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View Diary: Center for American Progress issues 13 recommendations for 'Preventing Gun Violence in Our Nation' (205 comments)

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  •  And how much of this is caused by criminal (3+ / 0-)

    activity?  I am willing to hazard a guess that it is an extremely large amount.  Take for example the statistics from the Texas Dept of Corrections that show that 2% of the population has a concealed carry permit, yet commits only 0.2% of the crimes, most of which were carrying a gun into a prohibited place, followed by simple (non gun) assault.

    Yet for some reason so many people are calling to punish the honest, law abiding gun owner and they wonder why they have such still opposition with hundreds of thousands of people willing to spend money on political lobbying firms simply to work against any legislation.  Folks, it is time to get the priorities straight.  Most of what is proposed is working along the right lines.  The silly bans do not.

    •  You would be wrong. (2+ / 0-)
      Recommended by:
      WakeUpNeo, Laconic Lib
      In the U.S. for 2010, there were 31,513 deaths from firearms, distributed as follows by mode of death: Suicide 19,308; Homicide 11,015; Accident 600.

      This makes firearms injuries one of the top ten causes of death in the U.S. The number of firearms-related injuries in the U.S., both fatal and non-fatal, increased through 1993, declined to 1999, and has remained relatively constant since. However, firearms injuries remain a leading cause of death in the U.S., particularly among youth (CDC, 2001) (Sherry et al, 2012).



      Denial is a drug.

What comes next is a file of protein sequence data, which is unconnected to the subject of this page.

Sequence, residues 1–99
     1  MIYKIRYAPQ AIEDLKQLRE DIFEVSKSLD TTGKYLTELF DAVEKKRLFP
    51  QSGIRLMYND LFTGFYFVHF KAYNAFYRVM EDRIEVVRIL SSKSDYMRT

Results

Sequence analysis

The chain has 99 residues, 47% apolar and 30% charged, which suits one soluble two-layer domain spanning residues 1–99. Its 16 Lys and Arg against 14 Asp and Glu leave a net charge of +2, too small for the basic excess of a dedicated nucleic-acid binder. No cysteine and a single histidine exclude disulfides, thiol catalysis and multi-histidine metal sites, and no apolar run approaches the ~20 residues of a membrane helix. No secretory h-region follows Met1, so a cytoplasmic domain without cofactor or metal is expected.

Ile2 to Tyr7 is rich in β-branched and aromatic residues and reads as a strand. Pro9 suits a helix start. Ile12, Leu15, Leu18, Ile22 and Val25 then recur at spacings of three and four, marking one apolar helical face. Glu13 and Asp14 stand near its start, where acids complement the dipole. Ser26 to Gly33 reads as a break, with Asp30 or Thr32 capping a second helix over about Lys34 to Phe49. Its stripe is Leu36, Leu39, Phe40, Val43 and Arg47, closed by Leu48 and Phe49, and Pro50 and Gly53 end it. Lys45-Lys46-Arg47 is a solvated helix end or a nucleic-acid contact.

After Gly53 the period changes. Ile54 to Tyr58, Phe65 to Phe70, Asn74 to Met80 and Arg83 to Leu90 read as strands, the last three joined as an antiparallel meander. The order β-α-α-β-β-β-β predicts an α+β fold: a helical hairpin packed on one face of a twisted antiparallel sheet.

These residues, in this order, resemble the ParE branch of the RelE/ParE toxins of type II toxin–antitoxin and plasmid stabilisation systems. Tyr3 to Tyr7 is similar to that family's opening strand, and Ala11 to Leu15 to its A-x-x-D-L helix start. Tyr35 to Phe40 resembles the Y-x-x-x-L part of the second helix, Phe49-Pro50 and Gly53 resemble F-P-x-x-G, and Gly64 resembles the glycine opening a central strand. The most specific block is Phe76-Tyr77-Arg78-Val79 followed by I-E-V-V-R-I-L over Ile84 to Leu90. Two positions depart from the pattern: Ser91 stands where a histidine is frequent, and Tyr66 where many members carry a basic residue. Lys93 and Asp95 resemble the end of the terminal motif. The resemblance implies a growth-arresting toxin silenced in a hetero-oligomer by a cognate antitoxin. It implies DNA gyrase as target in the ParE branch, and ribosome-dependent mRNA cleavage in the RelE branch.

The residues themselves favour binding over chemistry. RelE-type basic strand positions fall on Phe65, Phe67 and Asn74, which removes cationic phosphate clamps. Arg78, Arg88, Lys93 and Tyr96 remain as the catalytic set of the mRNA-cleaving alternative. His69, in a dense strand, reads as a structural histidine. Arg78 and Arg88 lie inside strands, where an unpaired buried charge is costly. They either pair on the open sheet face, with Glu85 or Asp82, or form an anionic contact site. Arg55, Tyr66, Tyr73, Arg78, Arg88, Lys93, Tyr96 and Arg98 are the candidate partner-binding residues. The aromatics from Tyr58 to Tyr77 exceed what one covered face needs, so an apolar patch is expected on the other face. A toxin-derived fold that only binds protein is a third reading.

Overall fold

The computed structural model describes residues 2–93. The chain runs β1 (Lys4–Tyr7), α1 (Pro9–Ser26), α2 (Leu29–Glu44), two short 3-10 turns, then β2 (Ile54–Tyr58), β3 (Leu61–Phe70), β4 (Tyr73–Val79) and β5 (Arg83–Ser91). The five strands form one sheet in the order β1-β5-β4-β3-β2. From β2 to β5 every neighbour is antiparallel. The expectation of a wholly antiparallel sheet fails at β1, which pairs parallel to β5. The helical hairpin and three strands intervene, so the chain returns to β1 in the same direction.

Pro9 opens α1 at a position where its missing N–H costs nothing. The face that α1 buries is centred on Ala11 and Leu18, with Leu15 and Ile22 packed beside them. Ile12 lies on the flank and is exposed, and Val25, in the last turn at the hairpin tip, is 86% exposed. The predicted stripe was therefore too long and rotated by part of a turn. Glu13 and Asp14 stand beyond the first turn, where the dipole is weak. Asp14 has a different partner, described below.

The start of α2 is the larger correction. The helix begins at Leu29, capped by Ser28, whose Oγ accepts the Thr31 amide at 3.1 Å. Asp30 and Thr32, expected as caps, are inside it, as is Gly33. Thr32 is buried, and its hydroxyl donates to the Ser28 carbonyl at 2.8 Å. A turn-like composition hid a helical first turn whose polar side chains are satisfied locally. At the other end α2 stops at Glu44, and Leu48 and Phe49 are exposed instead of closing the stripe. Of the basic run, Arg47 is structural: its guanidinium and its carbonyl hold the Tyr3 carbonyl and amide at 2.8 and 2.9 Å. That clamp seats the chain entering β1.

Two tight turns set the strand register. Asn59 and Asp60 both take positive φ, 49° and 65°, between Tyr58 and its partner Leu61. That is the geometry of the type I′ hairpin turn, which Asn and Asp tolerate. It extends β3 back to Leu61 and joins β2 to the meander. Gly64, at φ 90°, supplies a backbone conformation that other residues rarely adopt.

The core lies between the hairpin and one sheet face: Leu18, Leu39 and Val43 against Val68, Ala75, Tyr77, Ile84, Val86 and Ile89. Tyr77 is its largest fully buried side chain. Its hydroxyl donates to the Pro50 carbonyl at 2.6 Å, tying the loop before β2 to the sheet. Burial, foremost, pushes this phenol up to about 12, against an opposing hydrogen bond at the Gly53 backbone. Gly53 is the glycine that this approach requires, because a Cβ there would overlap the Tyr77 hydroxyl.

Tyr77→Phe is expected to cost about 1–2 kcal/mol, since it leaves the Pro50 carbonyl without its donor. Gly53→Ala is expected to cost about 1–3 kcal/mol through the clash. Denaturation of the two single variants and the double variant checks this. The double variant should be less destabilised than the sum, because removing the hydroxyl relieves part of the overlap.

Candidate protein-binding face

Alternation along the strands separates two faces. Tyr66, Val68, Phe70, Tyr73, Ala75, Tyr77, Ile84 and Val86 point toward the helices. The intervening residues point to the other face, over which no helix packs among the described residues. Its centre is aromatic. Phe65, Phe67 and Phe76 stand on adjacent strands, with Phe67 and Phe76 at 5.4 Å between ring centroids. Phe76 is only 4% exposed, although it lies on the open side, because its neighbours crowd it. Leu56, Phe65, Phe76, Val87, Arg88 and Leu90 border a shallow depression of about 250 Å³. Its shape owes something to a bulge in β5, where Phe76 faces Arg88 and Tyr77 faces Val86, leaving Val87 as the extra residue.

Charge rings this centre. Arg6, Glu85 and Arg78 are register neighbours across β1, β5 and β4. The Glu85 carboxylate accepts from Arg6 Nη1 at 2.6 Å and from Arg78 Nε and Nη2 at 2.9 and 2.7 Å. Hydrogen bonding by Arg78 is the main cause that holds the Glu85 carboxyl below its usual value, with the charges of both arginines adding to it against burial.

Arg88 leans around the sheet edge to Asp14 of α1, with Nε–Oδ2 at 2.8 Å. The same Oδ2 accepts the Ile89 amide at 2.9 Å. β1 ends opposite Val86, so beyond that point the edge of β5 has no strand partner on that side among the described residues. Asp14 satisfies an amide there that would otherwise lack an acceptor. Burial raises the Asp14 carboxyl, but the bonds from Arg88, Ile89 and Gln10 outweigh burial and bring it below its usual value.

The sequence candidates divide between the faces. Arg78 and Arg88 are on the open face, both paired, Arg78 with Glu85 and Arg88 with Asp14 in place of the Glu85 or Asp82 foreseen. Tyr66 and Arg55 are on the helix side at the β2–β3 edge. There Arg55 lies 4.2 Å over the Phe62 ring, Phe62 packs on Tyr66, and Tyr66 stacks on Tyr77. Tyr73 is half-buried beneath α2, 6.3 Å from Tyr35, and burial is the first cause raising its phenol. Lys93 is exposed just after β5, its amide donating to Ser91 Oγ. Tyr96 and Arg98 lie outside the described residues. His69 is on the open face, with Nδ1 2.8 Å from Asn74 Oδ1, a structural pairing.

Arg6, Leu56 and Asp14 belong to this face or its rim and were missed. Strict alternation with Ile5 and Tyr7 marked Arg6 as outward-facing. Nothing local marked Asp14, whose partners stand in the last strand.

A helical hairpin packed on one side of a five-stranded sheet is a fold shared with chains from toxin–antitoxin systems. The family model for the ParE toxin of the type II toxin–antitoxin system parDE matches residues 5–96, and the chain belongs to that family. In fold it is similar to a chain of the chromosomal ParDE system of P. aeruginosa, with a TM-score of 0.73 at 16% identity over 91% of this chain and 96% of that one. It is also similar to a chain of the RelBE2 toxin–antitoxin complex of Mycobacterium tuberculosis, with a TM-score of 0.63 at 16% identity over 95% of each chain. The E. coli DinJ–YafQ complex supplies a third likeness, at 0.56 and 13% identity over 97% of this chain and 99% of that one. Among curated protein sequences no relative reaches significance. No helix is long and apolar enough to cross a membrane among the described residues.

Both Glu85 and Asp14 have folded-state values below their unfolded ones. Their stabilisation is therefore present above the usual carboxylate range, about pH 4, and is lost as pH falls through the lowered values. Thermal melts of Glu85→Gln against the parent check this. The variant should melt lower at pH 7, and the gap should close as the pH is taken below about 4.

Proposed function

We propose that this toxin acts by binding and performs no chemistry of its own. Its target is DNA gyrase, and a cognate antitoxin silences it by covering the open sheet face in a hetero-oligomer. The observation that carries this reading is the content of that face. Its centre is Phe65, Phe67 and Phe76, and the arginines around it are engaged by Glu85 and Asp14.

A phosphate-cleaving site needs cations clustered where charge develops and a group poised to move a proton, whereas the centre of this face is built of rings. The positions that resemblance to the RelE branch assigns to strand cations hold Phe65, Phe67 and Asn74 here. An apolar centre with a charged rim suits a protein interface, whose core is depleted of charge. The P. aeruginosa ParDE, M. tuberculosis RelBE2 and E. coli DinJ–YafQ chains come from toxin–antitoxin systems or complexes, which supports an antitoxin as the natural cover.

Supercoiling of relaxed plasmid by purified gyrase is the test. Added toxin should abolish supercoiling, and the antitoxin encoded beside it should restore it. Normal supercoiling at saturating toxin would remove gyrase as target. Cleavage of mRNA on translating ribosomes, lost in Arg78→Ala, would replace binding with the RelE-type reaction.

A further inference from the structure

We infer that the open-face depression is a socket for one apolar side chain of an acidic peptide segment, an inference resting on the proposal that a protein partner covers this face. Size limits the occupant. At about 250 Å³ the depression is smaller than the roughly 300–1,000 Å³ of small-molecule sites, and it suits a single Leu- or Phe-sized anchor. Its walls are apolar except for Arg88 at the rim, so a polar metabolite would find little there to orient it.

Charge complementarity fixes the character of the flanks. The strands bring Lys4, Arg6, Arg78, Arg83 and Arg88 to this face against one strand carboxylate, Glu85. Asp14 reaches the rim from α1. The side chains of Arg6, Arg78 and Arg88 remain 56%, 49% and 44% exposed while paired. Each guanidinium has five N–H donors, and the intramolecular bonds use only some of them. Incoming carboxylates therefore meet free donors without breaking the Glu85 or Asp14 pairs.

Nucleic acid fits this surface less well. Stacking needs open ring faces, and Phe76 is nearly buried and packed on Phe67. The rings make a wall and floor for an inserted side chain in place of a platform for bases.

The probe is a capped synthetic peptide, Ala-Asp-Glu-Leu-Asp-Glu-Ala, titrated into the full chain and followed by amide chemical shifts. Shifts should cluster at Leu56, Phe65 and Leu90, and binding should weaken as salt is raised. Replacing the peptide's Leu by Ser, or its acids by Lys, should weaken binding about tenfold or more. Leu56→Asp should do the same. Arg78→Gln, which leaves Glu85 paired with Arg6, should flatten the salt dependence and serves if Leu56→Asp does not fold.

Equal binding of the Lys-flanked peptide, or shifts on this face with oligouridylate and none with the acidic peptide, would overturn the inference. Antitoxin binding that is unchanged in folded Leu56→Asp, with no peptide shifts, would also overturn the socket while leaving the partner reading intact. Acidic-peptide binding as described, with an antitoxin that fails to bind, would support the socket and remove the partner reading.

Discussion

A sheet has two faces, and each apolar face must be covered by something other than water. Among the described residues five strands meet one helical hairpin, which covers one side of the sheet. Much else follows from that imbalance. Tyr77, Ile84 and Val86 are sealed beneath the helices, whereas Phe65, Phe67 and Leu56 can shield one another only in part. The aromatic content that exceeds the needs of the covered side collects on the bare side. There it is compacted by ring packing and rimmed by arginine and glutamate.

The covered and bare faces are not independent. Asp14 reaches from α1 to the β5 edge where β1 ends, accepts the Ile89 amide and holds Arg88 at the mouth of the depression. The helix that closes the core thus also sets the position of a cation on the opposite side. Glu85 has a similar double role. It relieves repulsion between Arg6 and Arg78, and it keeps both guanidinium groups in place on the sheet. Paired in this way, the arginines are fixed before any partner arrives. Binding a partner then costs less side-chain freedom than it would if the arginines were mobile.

by Pluto on Mon Jan 14, 2013 at 05:34:09 PM PST

      [ Parent ]

    •  And what else are we missing? (2+ / 0-)
      Recommended by:
      Laconic Lib, cany
      Firearms, youth homicide, and public health

      Abstract

      Homicide is seven times as common among U.S. non-Hispanic Black as among non-Hispanic White youth ages 15 to 24 years. In 83% of these youth homicides, the murder weapon is a firearm. Yet, for more than a decade, the national public health position on youth violence has been largely silent about the role of firearms, and tools used by public health professionals to reduce harm from other potential hazards have been unusable where guns are concerned. This deprives already underserved populations from the full benefits public health agencies might be able to deliver. In part, political prohibitions against research about direct measures of firearm control and the absence of valid public health surveillance are responsible. More refined epidemiologic theories as well as traditional public health methods are needed if the U.S. aims to reduce disparate Black-White youth homicide rates.

      ---

      Citation    
      Levine RS, Goldzweig I, Kilbourne B, Juarez P. J. Health Care Poor Underserved 2012; 23(1): 7-19.

      Copyright    
       (Copyright © 2012, Johns Hopkins University Press)

      DOI    
      10.1353/hpu.2012.0015

      PMID   
       22643459

      (emphasis added)

      Firearms, youth homicide, and public health

      •  Atleast part of what your are missing (0+ / 0-)

        is the realization that there is more to this than the gun.  First, someone under 21 years old is not allowed to purchase a handgun, and under 18 is not allowed to purchase a long gun.  Since the overwhelming majority of crimes are committed with handguns, we can put the focus there.  That being the case, most of the 15-24 year olds (about 2/3 if the distribution is even) aren't allowed to go into stores and buy.  Undoubtedly they are not.  Instead they are either getting them on the street or using proxies to purchase for them.  In the case of the former, no law is going to help.  The latter is one of the areas where we could focus.  

        At Pluto, no my statement was not wrong.  Those who bother to go through the legal process to obtain and own guns properly commit far less crime than the population as a whole.   With respect to suicide, again, no law is going to do away with the thoughts or the action.  If you take away guns, something else will be used.  You will have only trampled on peoples rights for naught.  

        And yes, let's be clear, unlike  places Australia, UK, and Canada, in the USA it is a right.  If you don't think it should be, if the control control population can garner enough support then the constitution can be changed,  There is a process for it.  Until such time, talk of bans approaches the point of being unconstitutional.

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